Nursing Board Disciplines Four Nurses

The state Board of Examiners for Nursing has disciplined four nurses, including three in cases involving alcohol or drugs. The board on July 19 temporarily suspended the registered nurse license of Fernando Roldan of Hartford for failing to comply with the terms of a four-year probation, including attending therapy or support group sessions and submitting drug or alcohol test results, state Department of Public Health (DPH) records show. DPH records show that Roldan admitted that he abused alcohol between 2010 and 2014. The board’s April memorandum of decision said that Roldan was charged with driving under the influence of alcohol for the third time in 2013 and spent a year in prison. It also said he was fired from his job at Connecticut Valley Hospital’s Whiting Forensic Institute, where he had worked for 20 years, for using unreasonable force during a restraint of a patient.

Female Surgeons Making Inroads In Male-Dominated Operating Rooms

When the lights power on in the operating room at Bridgeport Hospital, more than a half of the acute care team of surgeons peering from behind the masks are women. That’s unusual, given that only 28 percent of all surgeons in Connecticut are female, according to the latest figures from the American Medical Association (AMA). Flexible work schedules and hiring more surgeons to ease the on-call burden has helped to lure more women to the trauma surgical team, said Bridgeport Hospital’s chief medical officer, Dr. Michael Ivy, a trauma surgeon. Hospitals statewide have launched initiatives to help boost the ranks of women surgeons. There’s been progress, but gaps persist.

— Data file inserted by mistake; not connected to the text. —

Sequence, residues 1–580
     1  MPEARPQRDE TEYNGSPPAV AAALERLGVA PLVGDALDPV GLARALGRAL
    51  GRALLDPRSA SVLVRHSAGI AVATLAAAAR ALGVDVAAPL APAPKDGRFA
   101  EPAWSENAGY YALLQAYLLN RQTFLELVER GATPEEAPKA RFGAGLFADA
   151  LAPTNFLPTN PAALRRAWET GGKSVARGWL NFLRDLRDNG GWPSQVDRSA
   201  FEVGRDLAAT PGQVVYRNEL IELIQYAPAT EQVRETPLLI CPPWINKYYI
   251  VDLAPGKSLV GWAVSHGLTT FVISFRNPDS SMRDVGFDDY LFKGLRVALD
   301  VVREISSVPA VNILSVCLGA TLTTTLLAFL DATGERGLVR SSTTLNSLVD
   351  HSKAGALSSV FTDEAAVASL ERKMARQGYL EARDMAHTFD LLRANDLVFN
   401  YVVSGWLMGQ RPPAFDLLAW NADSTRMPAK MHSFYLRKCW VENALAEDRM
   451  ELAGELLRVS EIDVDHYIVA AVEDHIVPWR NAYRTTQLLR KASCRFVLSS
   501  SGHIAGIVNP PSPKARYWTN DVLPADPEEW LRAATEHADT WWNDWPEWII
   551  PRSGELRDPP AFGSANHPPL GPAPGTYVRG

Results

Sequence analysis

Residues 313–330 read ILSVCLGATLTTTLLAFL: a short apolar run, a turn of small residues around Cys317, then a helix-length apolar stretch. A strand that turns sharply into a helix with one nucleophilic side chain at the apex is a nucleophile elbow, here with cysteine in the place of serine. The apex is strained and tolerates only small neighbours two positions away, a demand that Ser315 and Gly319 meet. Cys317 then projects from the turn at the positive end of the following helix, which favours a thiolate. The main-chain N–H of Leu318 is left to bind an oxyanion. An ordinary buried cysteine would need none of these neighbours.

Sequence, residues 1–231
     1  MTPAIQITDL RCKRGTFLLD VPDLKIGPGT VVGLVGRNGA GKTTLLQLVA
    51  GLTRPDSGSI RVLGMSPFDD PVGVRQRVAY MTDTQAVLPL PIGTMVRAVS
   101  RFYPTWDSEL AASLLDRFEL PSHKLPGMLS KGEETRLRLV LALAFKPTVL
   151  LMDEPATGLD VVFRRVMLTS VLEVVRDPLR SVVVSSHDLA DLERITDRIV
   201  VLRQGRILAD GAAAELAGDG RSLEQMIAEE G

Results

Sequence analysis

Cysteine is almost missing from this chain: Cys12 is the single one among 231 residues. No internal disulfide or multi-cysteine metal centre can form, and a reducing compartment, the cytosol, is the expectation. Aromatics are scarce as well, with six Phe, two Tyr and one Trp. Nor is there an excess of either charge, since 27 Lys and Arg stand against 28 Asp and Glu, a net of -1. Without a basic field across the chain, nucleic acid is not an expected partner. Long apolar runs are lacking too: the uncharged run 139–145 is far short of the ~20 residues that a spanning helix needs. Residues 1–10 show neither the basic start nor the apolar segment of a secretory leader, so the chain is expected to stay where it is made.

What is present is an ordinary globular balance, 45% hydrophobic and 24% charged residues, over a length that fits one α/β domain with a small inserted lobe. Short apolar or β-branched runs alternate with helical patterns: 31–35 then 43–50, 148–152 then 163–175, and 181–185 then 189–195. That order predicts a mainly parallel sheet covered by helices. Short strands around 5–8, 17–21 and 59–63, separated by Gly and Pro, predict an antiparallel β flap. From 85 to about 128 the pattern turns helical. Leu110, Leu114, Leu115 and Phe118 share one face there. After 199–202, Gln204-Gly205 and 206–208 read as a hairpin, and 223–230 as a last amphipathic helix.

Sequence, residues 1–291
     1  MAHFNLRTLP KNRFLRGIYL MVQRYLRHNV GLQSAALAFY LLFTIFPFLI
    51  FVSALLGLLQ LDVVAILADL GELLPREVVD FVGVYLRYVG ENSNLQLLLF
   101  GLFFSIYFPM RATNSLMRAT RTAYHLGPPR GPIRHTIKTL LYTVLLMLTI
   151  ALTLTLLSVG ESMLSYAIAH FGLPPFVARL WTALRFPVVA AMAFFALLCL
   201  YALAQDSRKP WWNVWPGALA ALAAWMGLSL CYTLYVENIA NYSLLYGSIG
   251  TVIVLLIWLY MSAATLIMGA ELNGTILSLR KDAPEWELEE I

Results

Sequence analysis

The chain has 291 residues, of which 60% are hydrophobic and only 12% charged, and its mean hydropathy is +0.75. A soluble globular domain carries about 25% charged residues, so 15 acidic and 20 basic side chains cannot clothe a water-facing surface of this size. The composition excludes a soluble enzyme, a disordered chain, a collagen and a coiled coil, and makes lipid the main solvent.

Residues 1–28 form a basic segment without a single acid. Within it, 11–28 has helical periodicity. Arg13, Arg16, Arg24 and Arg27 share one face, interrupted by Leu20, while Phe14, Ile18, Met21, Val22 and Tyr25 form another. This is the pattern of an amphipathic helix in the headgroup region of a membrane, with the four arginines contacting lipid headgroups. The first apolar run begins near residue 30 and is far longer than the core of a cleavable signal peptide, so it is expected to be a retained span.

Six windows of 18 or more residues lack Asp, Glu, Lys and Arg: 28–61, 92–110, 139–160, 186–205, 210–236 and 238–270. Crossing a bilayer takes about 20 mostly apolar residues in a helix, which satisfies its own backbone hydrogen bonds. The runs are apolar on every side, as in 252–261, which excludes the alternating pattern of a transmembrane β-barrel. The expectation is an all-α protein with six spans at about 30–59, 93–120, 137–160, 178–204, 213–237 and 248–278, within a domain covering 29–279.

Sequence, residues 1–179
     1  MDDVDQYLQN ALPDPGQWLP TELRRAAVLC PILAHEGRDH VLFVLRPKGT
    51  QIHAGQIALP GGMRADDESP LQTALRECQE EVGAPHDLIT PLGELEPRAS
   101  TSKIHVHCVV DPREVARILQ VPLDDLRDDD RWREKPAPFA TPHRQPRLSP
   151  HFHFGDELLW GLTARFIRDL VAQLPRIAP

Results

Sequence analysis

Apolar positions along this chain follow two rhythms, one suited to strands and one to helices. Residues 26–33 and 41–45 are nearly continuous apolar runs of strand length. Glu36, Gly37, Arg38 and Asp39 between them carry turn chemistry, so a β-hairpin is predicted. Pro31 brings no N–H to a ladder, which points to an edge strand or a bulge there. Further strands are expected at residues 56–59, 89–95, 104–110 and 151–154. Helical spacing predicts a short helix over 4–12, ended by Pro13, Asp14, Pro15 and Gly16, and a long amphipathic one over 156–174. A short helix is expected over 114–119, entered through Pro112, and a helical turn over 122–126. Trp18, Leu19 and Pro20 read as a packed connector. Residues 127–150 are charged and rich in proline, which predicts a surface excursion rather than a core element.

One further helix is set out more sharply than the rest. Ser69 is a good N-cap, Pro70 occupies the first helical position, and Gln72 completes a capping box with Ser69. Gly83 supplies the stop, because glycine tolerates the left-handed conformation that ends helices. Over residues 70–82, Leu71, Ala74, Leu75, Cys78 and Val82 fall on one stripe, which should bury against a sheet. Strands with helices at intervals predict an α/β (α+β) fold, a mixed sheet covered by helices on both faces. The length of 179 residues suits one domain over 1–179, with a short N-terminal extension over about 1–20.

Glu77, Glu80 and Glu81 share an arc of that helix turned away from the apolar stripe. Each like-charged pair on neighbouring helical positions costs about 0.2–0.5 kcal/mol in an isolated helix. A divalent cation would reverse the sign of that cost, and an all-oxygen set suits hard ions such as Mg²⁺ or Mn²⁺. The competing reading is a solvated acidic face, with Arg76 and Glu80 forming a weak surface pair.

State Ranks High In Child Well-Being But That’s Only Half The Story

On the surface, it looks as if Connecticut children fare pretty well. According to the annual Kids Count report from The Annie E. Casey Foundation, the state ranks fourth in education, third in health, and sixth in overall well-being for children. The foundation pointed to nearly universal health insurance—97 percent—for Connecticut’s children as a major contributor to the state’s high ranking. Of all the states, Connecticut also had the lowest rate of deaths among children ages 1 to 19: 15 deaths per 100,000 children. But that’s not the entire story, not by half.